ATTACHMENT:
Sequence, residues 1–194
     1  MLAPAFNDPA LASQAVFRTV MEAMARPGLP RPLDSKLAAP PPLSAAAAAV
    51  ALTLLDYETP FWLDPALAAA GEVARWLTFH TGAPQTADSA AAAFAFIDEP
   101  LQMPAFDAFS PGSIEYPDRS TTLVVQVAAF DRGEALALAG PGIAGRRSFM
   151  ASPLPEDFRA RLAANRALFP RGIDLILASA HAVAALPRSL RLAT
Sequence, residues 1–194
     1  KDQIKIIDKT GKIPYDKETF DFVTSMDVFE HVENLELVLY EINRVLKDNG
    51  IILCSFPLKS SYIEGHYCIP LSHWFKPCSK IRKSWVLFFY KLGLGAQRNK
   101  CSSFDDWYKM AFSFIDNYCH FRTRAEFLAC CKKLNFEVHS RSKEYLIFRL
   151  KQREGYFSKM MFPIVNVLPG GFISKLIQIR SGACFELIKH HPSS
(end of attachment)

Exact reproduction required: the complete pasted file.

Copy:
Sequence, residues 1–194
     1  MLAPAFNDPA LASQAVFRTV MEAMARPGLP RPLDSKLAAP PPLSAAAAAV
    51  ALTLLDYETP FWLDPALAAA GEVARWLTFH TGAPQTADSA AAAFAFIDEP
   101  LQMPAFDAFS PGSIEYPDRS TTLVVQVAAF DRGEALALAG PGIAGRRSFM
   151  ASPLPEDFRA RLAANRALFP RGIDLILASA HAVAALPRSL RLAT
Sequence, residues 1–194
     1  KDQIKIIDKT GKIPYDKETF DFVTSMDVFE HVENLELVLY EINRVLKDNG
    51  IILCSFPLKS SYIEGHYCIP LSHWFKPCSK IRKSWVLFFY KLGLGAQRNK
   101  CSSFDDWYKM AFSFIDNYCH FRTRAEFLAC CKKLNFEVHS RSKEYLIFRL
   151  KQREGYFSKM MFPIVNVLPG GFISKLIQIR SGACFELIKH HPSS